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The Importance of Patency in Patients with Critical Limb Ischemia undergoing Endovascular Revascularization for Infrapopliteal Arterial Disease

By Frederic eBaumann, Christoph eOzdoba, Ernst eGröchenig and Nicolas eDiehm


Critical limb ischemia (CLI) represents the most severe form of peripheral arterial disease (PAD) and frequently occurs in medically frail patients. CLI patients frequently exhibit multi-segmental PAD commonly including the tibial arterial segment. Endovascular therapy has been established as first-line revascularization strategy for most CLI patients. Restenosis was reported to occur in up to more than two thirds of CLI patients undergoing angioplasty of complex tibial arterial obstructions. Nevertheless, favourable clinical outcomes were observed for infrapopopliteal angioplasty when compared with bypass surgery despite higher patency rates for the latter. Based on these observations, infrapopliteal patency was considered to be only of secondary importance upon clinical outcomes in CLI patients. In contrast to these earlier observations, however, recent findings from two randomized clinical trials indicate that infrapopliteal patency does impact on clinical outcomes in CLI patients. Purpose of the present manuscript is to provide a critical reappraisal of the present literature on the clinical importance of tibial arterial patency in CLI patients undergoing endovascular revascularization and to discuss utility and limitations of currently available anti-restenosis technologies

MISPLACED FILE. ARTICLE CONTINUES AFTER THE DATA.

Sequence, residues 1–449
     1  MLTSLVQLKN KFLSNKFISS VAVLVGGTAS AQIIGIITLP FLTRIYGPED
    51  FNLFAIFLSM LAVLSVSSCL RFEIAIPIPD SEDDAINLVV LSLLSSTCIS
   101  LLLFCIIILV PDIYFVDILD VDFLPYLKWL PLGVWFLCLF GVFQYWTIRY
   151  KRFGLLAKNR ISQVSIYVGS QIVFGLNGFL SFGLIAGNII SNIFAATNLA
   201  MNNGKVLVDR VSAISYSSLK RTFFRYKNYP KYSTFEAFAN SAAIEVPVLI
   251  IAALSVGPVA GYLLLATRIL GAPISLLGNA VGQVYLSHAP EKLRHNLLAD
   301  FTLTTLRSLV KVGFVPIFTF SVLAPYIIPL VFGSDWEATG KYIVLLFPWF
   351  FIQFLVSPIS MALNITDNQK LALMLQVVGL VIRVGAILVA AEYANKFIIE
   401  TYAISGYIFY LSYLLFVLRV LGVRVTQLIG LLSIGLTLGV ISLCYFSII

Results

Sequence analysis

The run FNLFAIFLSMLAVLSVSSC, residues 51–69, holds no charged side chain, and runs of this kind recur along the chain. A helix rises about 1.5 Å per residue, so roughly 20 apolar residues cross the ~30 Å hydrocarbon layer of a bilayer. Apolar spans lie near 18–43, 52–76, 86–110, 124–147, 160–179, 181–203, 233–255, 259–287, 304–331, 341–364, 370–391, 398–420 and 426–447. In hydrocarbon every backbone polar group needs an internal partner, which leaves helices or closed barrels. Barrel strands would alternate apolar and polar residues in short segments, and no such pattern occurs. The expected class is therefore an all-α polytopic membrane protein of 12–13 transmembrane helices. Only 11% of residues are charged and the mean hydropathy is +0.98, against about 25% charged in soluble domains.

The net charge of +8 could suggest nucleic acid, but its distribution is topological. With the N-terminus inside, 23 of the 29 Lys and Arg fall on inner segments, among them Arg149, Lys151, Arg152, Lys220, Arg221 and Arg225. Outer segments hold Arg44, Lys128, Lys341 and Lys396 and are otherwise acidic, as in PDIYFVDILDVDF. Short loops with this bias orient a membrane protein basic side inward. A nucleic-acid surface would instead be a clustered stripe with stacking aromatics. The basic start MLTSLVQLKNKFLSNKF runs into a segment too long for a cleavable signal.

Topics: clinical outcome, critical limb ischemia, below the knee, endovascular revascularization, patency, Diseases of the circulatory (Cardiovascular) system, RC666-701
Publisher: Frontiers Media S.A.
Year: 2015
DOI identifier: 10.3389/fcvm.2014.00017
OAI identifier: oai:doaj.org/article:11c1b0435fa2443b97a997fe8196d45c
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